The emphasis put in this destabilization is something that was overworked in baroque painting: in the clouds there has no linear perspective to look for, everything is equally distributed in the same space. This perceptive destabilization, technically possible here by the use of wet collodium with backlights, absorbs the viewer in an interpretative game, but also in a disquieting process about his or her place as a subject. In the twenties of last century, Alfred Stieglitz has photographed a series of clouds entitled ‘Equivalents’, exploring their symbolic potential (equivalents, as Rosalind Krauss pointed out, is in itself a symbolist term), but also recalling attention to the framing act, to the importance of the photographic gesture of cropping reality. Carla Cabanas’ clouds also suggest the game between the apparent abstraction and the latent, or subjective, figuration underlining the haziness that every photograph hides behind its supposed exactitude and realism. In a very specific way this images question the subject self-assurance as in the very process of contemplation one must think over the way he understands and apprehends the world.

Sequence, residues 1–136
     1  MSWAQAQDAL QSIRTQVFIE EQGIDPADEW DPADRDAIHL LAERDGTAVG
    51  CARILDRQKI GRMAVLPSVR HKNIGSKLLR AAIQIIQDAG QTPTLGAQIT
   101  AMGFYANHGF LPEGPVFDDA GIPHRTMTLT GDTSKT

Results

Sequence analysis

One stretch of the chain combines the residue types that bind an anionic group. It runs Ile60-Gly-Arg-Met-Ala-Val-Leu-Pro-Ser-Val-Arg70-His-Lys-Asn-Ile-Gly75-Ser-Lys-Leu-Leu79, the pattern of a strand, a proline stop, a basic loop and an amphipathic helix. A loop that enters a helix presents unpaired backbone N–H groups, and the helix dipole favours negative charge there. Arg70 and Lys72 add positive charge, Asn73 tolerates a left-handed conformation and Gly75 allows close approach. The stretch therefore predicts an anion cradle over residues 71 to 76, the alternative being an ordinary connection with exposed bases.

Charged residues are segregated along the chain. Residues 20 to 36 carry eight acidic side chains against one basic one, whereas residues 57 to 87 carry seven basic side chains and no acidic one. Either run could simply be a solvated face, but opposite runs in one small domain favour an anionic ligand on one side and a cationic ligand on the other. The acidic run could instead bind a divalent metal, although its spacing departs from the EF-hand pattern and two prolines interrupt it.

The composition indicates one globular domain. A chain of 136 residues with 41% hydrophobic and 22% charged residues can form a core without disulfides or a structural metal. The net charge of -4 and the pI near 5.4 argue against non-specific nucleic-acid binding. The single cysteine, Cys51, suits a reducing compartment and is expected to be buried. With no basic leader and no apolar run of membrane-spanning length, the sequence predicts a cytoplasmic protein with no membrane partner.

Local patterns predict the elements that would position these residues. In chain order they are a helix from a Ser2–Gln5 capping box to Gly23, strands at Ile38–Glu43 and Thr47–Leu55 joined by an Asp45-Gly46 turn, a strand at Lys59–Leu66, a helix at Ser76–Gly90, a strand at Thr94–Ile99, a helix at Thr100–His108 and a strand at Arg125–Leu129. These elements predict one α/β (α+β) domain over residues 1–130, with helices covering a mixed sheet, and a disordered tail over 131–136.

It is the poetic character of clouds, for its apparent abstract form as for its transitivity inscribed silently in human ecology that is convoked by the two artists.

Margarida Medeiros
CREDITS:
Exhibition views of Andar nas Nuvens at Casa-Museu Medeiros e Almeida, Lisboa, Portugal, 2016.
Documentation © Valter Ventura

The Mechanics of Absence I

The Mechanics of Absence I

Installation with synchronised 35mm slide projection, 5 projections, dimensions variable.
2016

(…) Carla Cabanas’ work focuses on reinterpreting time and memory, through an idea of loss and saturation.
Changing a set of slides, the artist modifies the story that each image retains, transforming, with that action, what was the registration of the suspended instant, or the crystallization of a special moment, in a living, undefined and fabled time.
Cutting the support and marking an absence, or adding to it other cuts in order to densify the image, Carla Cabanas composes a palimpsest of references that makes room for another look. A look made of layers, where something empties and fills itself, or something forgets and remembers, with the imprecision of what memory erases and keeps.
This is thus about the construction of a vision that translates a complex, stratified and non-linear time. A vision that responds more to emotion than to the rationality of chronological succession, and varies between what each image fixes and what the artist manipulates. (…)

Read more +

Sérgio Fazenda Rodrigues
CREDITS:
Exhibition views of Mecânica da Ausência I at Cooperativa de comunicação e Cultura, Torres Vedras, Portugal, 2016.